Despite those concerns, the E.U. was prepared to join consensus and support the resolution.

The U.S. representative, John Sammis, said the United States was pleased to join the consensus.

It had been unable to support previous resolutions of this type because they sought to restrict expression and were “counterproductive,” he said, but the new one upholds respect for universal human rights.

“The United States welcomes all international, national, and regional initiatives that respect universal human rights and that recommend these types of measures to promote interfaith harmony and combating discrimination against individuals on the basis of religion or belief,” Sammis said. “Such initiatives can promote respect for religious diversity in a manner that respects universal human rights.”

Big Brother: Government monitors 'customers daily lives'

BC Government Report: ‘Smart Meters Will “Reveal Patterns of Household Consumption and Information About Customers’ Daily Lives”

Posted by Gateway Guest Blogger
Tuesday, December 20, 2011, 3:00 AM

The Last Post By The P/Oed Patriot

According to an article on CBC News, a Government report released by British Columbia’s Commissioner from the Office of Information and Privacy, Elizabeth Denham, says that Smart Meters will collect personal information about people’s daily lives:

“Denham said that hourly power use updates would reveal patterns of household consumption and information about customers’ daily lives..”

This report was a result of an investigation started by 600 complaints about privacy concerns when the local power company, DC Hydro, announced it was going to replace the old analog meters with new ‘Smart Meters’.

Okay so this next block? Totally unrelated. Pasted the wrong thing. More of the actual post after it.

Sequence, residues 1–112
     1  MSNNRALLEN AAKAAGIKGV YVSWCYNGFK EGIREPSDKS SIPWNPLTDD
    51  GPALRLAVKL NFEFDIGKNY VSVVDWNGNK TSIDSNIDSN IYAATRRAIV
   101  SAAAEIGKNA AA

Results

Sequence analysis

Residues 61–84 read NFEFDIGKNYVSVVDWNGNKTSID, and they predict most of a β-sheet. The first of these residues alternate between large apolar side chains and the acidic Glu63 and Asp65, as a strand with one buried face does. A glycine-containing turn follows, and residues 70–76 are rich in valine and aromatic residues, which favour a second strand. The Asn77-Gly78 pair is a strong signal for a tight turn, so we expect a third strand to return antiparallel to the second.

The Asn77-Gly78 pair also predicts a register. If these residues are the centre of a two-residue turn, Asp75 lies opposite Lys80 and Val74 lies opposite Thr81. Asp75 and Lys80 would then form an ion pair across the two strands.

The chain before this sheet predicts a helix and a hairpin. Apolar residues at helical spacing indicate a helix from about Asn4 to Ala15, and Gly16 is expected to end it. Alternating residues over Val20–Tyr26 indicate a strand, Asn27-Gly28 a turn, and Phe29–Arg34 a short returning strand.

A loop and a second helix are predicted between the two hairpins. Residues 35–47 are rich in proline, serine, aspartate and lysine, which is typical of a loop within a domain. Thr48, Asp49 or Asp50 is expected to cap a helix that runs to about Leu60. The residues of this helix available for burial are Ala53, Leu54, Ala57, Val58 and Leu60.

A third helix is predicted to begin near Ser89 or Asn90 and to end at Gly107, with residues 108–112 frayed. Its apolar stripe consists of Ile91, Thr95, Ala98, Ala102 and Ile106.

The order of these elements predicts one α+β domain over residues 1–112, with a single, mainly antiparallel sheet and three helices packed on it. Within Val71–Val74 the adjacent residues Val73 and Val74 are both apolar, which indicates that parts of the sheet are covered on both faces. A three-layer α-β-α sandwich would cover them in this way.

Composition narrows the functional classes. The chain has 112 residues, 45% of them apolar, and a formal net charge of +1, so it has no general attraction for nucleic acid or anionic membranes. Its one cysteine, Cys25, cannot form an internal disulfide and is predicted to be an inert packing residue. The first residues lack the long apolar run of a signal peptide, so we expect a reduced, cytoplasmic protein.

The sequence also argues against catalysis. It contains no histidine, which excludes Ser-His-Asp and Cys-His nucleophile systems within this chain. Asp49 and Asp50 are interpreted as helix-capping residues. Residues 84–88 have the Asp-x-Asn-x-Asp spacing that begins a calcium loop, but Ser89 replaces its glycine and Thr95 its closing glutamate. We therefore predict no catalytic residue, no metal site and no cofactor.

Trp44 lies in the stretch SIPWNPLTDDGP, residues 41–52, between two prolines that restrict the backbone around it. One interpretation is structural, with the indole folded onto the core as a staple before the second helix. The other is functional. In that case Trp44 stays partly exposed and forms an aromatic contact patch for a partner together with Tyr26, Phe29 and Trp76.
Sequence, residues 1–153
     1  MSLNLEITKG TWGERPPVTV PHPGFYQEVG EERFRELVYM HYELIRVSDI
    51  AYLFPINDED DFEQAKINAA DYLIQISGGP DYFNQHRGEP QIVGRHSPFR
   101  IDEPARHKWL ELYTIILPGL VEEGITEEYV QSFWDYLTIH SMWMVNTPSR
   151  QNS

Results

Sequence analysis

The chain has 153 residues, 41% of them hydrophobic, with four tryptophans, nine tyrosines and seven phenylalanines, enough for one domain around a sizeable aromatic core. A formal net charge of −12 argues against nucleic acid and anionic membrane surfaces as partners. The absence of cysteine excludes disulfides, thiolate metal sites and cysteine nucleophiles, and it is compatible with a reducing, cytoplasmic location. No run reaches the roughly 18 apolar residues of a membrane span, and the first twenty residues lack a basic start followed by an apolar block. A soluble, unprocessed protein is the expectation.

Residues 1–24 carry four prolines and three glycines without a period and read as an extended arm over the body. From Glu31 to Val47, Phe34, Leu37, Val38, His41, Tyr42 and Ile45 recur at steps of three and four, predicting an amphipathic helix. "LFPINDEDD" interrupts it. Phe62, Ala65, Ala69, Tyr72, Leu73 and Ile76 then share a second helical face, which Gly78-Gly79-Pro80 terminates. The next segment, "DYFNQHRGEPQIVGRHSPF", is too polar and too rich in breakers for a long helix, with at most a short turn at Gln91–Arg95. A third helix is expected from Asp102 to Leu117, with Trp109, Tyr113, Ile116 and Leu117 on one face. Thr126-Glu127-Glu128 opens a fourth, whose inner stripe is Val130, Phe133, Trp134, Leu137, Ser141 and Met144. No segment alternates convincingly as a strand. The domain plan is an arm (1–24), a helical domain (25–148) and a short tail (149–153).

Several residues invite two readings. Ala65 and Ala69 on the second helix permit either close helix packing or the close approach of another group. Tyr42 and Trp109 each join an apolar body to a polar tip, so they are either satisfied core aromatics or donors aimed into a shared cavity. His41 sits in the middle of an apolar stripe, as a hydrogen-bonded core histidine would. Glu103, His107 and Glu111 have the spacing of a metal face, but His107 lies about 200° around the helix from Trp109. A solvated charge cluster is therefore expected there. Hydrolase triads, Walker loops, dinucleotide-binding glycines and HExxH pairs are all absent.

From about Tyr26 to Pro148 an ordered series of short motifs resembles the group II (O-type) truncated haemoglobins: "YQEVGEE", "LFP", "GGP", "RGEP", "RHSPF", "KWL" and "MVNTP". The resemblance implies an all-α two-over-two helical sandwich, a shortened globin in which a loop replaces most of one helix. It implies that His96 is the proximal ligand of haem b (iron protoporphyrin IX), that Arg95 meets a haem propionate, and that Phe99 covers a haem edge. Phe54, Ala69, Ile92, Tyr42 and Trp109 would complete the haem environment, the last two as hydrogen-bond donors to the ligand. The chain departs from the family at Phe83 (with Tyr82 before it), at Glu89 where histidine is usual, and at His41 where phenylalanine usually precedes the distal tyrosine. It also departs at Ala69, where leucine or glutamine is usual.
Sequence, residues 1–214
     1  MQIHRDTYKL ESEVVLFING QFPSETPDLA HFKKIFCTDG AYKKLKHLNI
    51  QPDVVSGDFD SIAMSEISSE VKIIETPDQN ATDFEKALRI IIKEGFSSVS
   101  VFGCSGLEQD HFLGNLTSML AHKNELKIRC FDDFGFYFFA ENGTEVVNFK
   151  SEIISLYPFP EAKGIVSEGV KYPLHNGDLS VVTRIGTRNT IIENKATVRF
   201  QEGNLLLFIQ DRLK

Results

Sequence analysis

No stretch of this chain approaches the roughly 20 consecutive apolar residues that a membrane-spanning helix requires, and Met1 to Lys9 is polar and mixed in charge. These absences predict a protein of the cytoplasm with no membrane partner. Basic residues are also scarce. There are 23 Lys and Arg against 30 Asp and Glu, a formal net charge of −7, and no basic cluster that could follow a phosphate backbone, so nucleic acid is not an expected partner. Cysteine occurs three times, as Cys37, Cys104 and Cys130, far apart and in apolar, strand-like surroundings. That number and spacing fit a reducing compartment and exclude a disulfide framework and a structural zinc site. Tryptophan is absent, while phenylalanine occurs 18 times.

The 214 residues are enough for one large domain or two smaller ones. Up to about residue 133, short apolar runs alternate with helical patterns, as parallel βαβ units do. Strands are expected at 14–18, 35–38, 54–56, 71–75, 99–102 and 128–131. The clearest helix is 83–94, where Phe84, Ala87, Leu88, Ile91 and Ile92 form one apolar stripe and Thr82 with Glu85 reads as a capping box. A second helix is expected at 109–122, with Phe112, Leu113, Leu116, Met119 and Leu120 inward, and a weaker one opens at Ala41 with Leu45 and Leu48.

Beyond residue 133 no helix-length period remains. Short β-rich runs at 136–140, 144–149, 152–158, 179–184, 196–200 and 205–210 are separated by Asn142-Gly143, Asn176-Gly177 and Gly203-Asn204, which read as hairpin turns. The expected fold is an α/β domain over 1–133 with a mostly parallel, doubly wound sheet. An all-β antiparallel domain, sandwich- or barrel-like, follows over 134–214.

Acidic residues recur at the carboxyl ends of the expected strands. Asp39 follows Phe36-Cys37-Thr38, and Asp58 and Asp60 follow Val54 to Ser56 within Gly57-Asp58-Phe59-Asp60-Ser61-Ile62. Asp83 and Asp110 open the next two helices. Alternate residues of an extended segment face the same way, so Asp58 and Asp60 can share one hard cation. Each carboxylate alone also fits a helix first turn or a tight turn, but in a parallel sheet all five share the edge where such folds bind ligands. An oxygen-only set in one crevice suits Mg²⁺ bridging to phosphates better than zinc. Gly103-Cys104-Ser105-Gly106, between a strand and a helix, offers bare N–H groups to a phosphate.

Energy Consumers in British Columbia are not the only ones who should have privacy concerns when it comes to the Smart Meters and the Smart Grid. The United States has come a long way in ensuring that their Smart Grid will be just as intrusive, if not more, when it comes to collecting information on the daily lives of average Americans.

In 2010, the Smart Grid Interoperability Panel (SGIP), a part of the Executive Branch agency called the National Institute of Standards and Technologies (NIST), requested that the North American Energy Standards Board (NAESB) (Consisting of 300 + Energy Producers and Distributers) in conjuction with the EPA, create a document listing the standards for the type of information that will be collected through the Smart Grid. That document is called the NAESB Energy Usage Information Model or Priority Action Plan 10 (PAP-10).

On Page 9 of PAP-10 listed under ‘kind of reading’ alongside normal readings that will be tracked through the Smart Grid like voltage, date and time are the not so normal readings such as carbon and carbonDioxide.

On Page 11 of PAP-10 listed under the ‘kind of services’ that will be tracked through the Smart Grid is this:

As you can see PAP-10 calls for the tracking of everything from your TV, gas, water, heat (Includes Hot Water and Steam), refuse (trash), sewerage, internet, TvLiscense & cold (Includes chilled water and ice) through the Smart Grid. If you want a detailed explaination of these catagories click Here.

In February of 2011, the SGIP voted to recommend PAP-10 as the standards of information that should be collected through the Smart Grid, and it was approved.

On June 13th, 2011 the Obama administration and the NIST released a document titled: “A Policy Framework for the 21st Century Grid: Enabling Our Secure Energy Future”. This was the Obama administration’s blueprint for accelerating the creation of the Smart Grid.

On Page 42 of this document it states:

“The Priority Action Plan 10 (PAP 10) of the NIST-initiated Smart Grid Interoperability Panel (SGIP 2011) provides a standardized model for exchanging energy usage and cost information between different parties and devices and is the basis for information exchange directly from the meter to household devices, as well as from utility back office systems to authorized third parties.